Franklin Jay Specializes in Quirky Designs Featuring Childhood Classics

Local designer Sarah Gansenhuber creates clothing and accessories from thrifted bedsheets
franklin jay - Sarah Gansenhuber
Franklin Jay founder Sarah Gansenhuber // Photograph courtesy of Sarah Gansenhuber

Who knew thrifted bed linens with designs featuring beloved childhood characters like Mickey Mouse, Scooby-Doo, and the Sesame Street gang could be turned into clothing that people of all ages would love to wear? Well, Royal Oak-based artist and designer Sarah Gansenhuber saw the vision — and folks are obsessed. 

The former art teacher turned her longtime hobby of creating garments and reselling vintage goods into a full-time job with her online shop, Franklin Jay. Since 2018, Gansenhuber — aka the self-proclaimed “Bed Sheet Queen” — has sold her quirky designs on Depop. A patchwork jacket featuring Barbie and Happy Bunny, Goosebumps shorts, and a puffy-sleeved dress showcasing the Simpson family are just some of the handmade items Gansenhuber has offered. And if clothes plastered in kids’ cartoons aren’t your cup of tea, Gansenhuber sells plenty of vintage items in other fun prints and bold colors. 

“I think there’s such a power in nostalgia,” she says of her upcycled bedsheet creations. “People are so connected to imagery and things from their childhoods. Like, the No. 1 comment I get is ‘Oh my gosh! I had those sheets when I was a kid,’ or ‘I haven’t seen those since I was a kid.’”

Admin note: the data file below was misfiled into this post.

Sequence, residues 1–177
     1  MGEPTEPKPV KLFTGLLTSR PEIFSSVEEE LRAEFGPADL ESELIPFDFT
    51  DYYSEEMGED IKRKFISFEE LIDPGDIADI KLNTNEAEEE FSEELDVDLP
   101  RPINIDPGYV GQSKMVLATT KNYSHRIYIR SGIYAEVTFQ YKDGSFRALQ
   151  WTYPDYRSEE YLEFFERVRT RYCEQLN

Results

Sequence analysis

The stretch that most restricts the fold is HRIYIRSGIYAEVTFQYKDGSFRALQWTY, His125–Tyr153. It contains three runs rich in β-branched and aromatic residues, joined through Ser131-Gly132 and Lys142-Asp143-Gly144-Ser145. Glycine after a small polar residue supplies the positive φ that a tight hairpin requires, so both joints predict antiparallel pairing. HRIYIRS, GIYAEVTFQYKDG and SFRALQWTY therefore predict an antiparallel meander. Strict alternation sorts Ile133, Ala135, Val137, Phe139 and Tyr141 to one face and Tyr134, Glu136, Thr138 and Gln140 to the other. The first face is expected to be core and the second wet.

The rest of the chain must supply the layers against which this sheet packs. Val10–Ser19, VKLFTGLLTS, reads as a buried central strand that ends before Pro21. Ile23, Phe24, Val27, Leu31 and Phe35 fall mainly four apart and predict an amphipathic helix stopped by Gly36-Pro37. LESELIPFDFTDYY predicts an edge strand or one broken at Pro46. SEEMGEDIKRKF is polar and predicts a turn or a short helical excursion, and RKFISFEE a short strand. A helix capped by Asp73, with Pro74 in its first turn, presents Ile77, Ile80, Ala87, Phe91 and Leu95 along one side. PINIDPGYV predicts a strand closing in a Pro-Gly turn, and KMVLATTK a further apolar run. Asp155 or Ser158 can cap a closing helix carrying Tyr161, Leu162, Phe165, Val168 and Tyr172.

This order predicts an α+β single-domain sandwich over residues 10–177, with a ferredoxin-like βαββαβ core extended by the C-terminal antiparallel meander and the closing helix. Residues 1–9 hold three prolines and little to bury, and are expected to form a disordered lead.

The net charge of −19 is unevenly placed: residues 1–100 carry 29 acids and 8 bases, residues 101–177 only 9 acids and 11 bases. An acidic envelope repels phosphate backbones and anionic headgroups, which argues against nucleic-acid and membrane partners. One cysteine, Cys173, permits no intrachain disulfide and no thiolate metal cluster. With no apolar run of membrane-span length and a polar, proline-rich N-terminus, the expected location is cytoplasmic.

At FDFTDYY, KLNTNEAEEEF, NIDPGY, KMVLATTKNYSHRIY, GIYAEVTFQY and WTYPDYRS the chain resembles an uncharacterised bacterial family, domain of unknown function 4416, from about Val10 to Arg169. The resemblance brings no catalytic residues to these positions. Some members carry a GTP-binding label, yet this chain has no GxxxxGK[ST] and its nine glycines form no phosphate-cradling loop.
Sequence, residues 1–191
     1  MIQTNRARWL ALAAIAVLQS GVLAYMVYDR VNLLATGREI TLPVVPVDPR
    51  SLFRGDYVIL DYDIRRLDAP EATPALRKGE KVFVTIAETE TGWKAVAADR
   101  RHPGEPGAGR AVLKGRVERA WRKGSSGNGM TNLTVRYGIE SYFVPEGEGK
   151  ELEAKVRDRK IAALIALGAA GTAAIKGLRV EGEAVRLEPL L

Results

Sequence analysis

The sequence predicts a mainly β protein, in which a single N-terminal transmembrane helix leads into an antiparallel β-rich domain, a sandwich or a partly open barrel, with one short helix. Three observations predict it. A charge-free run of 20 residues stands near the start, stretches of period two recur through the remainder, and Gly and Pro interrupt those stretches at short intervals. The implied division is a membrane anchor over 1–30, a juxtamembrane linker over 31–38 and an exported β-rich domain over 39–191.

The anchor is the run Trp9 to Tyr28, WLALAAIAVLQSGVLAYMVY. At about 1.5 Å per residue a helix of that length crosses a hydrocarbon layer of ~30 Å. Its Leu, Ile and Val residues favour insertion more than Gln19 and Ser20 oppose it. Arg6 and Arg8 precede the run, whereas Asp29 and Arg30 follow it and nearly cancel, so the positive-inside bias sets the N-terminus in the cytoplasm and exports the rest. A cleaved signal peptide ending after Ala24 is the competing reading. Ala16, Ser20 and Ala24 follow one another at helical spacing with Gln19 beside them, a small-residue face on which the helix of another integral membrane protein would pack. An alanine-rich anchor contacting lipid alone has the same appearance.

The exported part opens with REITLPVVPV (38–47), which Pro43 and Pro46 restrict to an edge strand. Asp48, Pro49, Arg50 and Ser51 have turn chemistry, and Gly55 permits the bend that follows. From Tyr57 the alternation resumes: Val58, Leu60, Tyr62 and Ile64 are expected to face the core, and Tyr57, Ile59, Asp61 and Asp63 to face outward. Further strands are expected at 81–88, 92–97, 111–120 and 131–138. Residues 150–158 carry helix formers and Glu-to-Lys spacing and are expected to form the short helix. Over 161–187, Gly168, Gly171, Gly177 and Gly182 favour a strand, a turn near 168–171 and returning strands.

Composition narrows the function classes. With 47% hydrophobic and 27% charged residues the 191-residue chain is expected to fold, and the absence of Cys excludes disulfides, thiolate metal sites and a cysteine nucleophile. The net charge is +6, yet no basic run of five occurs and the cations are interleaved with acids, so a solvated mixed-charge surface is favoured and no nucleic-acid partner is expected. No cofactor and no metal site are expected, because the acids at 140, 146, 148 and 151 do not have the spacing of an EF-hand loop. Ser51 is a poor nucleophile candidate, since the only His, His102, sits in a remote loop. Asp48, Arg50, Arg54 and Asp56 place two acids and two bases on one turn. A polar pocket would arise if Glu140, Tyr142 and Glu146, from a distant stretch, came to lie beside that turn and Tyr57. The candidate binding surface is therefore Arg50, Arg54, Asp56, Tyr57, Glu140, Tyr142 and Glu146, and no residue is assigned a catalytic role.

Truly, people can’t get enough of Franklin Jay. Gansenhuber says her customers hail from across the country, buying items for every occasion, from Disney vacations to their own weddings. When she did weekly drops, she says, her items sold out within minutes. Gansenhuber recently launched her website — — where folks can shop her monthly releases of handmade dresses and other designs. She’ll continue using Depop strictly for her vintage resales. 

“I’ve been so elated and humbled by just how much people seem to like my dresses,” she says. “It’s just been awesome.” 

This story is part of the March 2022 issue of Hour Detroit. Read more in our digital edition